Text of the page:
In divergent margins, foldbelts develop due to overall sediment loading and downslope translation of stress. Initial exploration in foldbelts began in 1987 in the northern GOM, and the first successful discovery was in 1996. Today, fields produce from foldbelt structures in at least five deepwater basins globally.

In collision and transpressional margins, deepwater foldbelts can also develop, often in accretionary wedges. However, these are non-prospective due to a lack of source rocks and/or adequate reservoirs. Foldbelt discoveries have been made in northern Borneo (Brunei and Sabah), Colombia, and drilled in other countries.

One of the big surprises in deepwater exploration was the recognition of the important role of stratigraphic traps. Estimates are that two-thirds of the fields have combination structure-stratigraphic traps, and 10 percent have pure stratigraphic traps. This recognition was important for implementing the best development strategies and trap risk assessment in these discoveries.

Generation, Migration, and Accumulation: Petroleum Systems Modeling

Petroleum systems modeling developed in the mid-to-late 1970s and became routine by the early ‘80s. Later, the fundamental concepts of petroleum systems were formally defined with the publication of AAPG Memoir 60 in 1994. As exploration moved progressively offshore, deepwater evaluations included petroleum systems modeling to reduce risk.

Many factors must be considered when evaluating the generation and migration of petroleum. However, two of these factors dramatically influence the deepwater margins. First, the timing of generation is affected by the kind of underlying crust. Specifically, oceanic crust in deeper-water portions of continental margins has lower heat flow values, so that petroleum generation is delayed.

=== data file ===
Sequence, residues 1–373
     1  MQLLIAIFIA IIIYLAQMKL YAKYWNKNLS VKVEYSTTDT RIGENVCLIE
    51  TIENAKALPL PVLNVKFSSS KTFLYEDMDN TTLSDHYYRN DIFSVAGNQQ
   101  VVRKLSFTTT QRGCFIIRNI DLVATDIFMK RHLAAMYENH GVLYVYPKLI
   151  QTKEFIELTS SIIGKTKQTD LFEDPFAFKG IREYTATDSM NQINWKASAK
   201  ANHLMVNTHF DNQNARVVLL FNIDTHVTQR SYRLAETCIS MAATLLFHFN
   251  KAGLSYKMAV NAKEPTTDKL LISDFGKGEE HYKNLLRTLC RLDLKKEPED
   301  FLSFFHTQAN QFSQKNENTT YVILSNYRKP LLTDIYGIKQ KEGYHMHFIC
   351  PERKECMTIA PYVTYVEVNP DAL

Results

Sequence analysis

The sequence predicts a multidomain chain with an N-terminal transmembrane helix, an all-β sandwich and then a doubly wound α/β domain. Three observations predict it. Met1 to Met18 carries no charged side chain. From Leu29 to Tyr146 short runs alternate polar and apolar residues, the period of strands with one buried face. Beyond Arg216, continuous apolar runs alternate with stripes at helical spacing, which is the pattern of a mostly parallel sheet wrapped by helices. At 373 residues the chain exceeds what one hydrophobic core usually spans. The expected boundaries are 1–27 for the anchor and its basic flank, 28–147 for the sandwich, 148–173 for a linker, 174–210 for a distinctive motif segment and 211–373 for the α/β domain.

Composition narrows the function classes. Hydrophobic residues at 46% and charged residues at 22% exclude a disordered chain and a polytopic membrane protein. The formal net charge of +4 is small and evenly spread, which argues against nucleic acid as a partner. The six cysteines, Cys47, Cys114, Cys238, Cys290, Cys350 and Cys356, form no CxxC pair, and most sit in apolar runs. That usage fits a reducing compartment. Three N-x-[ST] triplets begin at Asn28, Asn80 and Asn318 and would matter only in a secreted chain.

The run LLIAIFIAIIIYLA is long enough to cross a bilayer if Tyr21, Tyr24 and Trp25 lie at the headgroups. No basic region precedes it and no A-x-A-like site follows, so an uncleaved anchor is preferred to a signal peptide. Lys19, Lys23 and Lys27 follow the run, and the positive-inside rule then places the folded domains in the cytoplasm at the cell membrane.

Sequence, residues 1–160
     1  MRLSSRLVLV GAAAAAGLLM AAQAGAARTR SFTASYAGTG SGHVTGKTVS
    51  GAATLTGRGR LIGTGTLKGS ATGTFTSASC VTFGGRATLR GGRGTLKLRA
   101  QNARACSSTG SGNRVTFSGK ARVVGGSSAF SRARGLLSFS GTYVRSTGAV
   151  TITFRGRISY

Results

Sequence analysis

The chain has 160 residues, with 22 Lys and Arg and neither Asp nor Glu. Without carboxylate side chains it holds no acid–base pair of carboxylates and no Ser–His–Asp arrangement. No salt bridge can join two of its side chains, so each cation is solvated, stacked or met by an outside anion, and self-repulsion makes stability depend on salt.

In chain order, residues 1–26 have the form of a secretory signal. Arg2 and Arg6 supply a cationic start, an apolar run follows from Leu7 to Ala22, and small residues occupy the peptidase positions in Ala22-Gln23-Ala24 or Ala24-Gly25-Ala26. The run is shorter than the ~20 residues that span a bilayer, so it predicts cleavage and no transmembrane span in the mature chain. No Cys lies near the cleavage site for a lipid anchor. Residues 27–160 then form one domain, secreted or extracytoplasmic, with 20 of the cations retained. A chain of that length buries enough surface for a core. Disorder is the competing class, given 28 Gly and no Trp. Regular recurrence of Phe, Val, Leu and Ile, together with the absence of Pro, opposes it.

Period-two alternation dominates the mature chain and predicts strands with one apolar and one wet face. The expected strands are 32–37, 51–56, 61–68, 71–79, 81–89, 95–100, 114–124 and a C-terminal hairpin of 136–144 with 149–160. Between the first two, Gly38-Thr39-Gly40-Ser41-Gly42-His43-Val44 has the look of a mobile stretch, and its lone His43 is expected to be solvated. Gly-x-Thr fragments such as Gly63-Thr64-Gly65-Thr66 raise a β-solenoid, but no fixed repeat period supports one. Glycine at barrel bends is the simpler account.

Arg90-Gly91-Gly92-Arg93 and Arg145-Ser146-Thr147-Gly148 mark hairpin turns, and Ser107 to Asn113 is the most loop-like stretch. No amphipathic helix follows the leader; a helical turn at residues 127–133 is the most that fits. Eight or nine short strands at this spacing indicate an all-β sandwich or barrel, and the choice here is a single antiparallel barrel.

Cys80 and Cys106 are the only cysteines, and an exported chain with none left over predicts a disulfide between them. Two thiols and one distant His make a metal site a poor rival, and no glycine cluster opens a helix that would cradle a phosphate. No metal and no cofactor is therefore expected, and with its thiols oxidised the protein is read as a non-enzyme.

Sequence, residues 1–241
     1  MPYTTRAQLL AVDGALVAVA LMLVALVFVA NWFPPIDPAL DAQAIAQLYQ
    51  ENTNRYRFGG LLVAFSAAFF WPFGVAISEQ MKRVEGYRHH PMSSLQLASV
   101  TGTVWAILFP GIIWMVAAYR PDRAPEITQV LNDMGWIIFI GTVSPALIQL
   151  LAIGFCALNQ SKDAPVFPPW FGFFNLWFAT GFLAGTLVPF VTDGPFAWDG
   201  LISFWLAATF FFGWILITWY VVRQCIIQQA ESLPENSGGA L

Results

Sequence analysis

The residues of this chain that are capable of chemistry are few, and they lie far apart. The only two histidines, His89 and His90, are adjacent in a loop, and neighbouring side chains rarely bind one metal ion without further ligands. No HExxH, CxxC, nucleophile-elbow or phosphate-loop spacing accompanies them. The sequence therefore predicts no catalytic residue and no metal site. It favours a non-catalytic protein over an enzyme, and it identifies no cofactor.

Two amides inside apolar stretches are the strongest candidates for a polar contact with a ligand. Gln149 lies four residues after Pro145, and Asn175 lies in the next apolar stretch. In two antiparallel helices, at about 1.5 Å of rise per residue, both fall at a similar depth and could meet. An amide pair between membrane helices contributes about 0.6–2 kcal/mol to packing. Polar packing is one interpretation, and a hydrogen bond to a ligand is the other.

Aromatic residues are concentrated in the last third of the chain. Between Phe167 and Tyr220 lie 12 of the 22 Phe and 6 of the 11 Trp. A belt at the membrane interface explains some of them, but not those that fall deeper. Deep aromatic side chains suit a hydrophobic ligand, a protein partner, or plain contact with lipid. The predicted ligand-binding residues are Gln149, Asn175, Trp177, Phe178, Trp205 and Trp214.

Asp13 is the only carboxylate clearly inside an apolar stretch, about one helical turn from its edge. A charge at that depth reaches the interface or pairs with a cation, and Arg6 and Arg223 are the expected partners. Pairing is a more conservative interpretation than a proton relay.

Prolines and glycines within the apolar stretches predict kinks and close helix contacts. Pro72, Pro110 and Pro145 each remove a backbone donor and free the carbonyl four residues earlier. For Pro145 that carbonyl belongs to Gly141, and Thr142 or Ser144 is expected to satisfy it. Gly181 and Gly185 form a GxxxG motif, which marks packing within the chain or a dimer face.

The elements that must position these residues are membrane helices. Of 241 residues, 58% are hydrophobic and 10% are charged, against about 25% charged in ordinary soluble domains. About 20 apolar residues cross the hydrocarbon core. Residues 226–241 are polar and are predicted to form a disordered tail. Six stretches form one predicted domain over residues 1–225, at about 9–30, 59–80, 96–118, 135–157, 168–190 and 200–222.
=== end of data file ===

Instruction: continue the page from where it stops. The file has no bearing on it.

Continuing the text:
Second, the presence of extensive salt, both autochthonous and allochthonous, dramatically affects the timing of generation due to differences in heat flow. Given salt’s convective nature, source rocks overlying thick salt tend to generate petroleum more quickly than source rocks that underlie thick salt.

In some deepwater basins with extensive vertical migration, petroleum geochemistry studies indicate multiple stages of entrapment and remigration. These stages were then incorporated into petroleum system modeling.

To restate our summary of January 2017 – what’s next for deepwater exploration and development? As of November 2020, the continued price downturn has had a significant global impact on the economics of deepwater exploration and production. Specifically, many deepwater plays are not profitable in the current low-cost environment due to high capital and operating costs. Clearly an increase in oil price and/or a decrease in operating expenses are essential for deepwater exploration and production to become profitable again in the future.

Acknowledgments

Capturing the drilling history and facts required input from many colleagues. We are especially grateful to the following:

Sam Algar, John Armentrout, Marco Arreguin, Bert Bally, Sam Bateman, Steve Bell, Joe Besser, Kevin Biddle, Kevin Bohacs, Peter Bond, Chris Cadeau, Eric Childs, Tim Collett, Steve Cossey, John Dolson, Marlan Downey, Flavio Feija, Joan Flinch, Brian Frost, Bob Fryklund, Steve Graham, Lincoln Guardado, Paulo Guimarães, Will Gutterman, Michelle Judson, Hans Krause, Laurie Lamar, Ray Levey, Paul Lillis, Trey Meckel, Bob Mitchum, Webster Mohriak, Chris Morley, John Pepys, Malcolm Ross, Art Saller, Scott Scuffleton, Sandeep Sharma, Mick Shrimpton, Juan Soto, Pete Stark, Gary Steffens, Gabor Tari and Peter Vail.